However, there is another method of supporting national workers. Gospel forAsia and Empart are two of the best examples of this form of missions. They support national missionaries, not national pastors. From the very beginning, the nationals are expected to go out and plant churches and go self-supporting. They are interviewed, vetted, trained, and sent out. The ministry leaders make sure the trainees are individuals desiring to reach their own people. During the whole process, the nationals are made aware that they will be going out to plant churches and go self-supporting. In these situations, there are no cumbersome bells, whistles, and cultural traditions that the national missionaries will have to carry with them to each church they plant. They don't even have to build a church building for each church they plant. They stick to the basics that can be multiplied everywhere – Bible, prayer, worship, outreach. It's often as simple as that. And you know what, when missionaries start out on this path, there is little resistance when the time comes for them to go self-supporting. It was expected of them all along and they did it. This is how agencies like Gospel for Asia and Empart operate.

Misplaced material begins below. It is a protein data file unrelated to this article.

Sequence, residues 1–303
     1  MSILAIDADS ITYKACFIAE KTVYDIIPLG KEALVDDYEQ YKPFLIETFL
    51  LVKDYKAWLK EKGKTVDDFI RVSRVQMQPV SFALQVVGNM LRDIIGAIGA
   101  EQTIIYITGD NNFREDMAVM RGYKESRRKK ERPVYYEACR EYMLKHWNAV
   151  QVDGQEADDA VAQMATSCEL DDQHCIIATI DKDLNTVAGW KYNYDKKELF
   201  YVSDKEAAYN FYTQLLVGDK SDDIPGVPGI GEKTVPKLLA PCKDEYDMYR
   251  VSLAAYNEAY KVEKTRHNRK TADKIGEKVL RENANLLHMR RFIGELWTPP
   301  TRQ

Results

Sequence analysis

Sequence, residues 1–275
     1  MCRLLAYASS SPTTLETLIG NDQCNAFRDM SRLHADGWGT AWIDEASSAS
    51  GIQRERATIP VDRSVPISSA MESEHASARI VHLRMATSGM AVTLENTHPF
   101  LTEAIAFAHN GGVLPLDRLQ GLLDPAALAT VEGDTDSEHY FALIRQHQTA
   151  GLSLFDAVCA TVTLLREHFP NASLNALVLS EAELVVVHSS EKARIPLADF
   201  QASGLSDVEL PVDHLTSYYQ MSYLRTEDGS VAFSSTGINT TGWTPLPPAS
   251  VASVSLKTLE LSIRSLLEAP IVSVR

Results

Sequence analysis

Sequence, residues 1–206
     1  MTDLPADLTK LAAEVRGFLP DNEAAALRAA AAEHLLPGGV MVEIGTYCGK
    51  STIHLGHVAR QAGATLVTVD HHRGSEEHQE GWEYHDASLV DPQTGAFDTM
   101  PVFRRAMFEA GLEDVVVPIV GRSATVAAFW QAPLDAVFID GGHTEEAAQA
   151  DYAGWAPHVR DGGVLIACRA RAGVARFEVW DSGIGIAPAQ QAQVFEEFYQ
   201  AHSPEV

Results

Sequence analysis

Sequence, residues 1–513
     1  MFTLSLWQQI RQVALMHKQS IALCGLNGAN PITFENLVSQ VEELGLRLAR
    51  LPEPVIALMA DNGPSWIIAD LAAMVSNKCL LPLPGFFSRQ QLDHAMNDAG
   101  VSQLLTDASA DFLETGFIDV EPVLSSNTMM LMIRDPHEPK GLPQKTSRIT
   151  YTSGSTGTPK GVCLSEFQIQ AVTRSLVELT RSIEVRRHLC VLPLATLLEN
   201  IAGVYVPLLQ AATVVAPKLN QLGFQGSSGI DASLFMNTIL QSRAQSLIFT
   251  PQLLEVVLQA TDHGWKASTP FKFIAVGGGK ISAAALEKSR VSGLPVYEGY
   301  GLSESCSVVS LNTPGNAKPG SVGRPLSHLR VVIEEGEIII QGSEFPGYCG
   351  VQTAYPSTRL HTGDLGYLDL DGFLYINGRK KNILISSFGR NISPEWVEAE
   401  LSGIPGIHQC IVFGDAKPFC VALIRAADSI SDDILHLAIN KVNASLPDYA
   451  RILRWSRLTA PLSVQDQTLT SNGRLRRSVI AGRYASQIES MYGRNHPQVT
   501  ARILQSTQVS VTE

Unlike those who have the experience of supporting national pastors indefinitely, those who have the experience of supporting national missionaries for a temporary time, generally have a very favorable opinion of it. Thus, there is going to be a discrepency in opinions when it comes to supporting national workers. The method you are familiar with will often dictate your opinion. This is why I have learned that when speaking on the subject of supporting nationals, it is very important to define precisely what method is being used and what are the parameters of the ministry.

This topic is discussed on pages 14 and 15 of Missions in the Third Millenium: 21 Key Trends for the 21st Century by Stan Guthrie.

No comments:

Post a Comment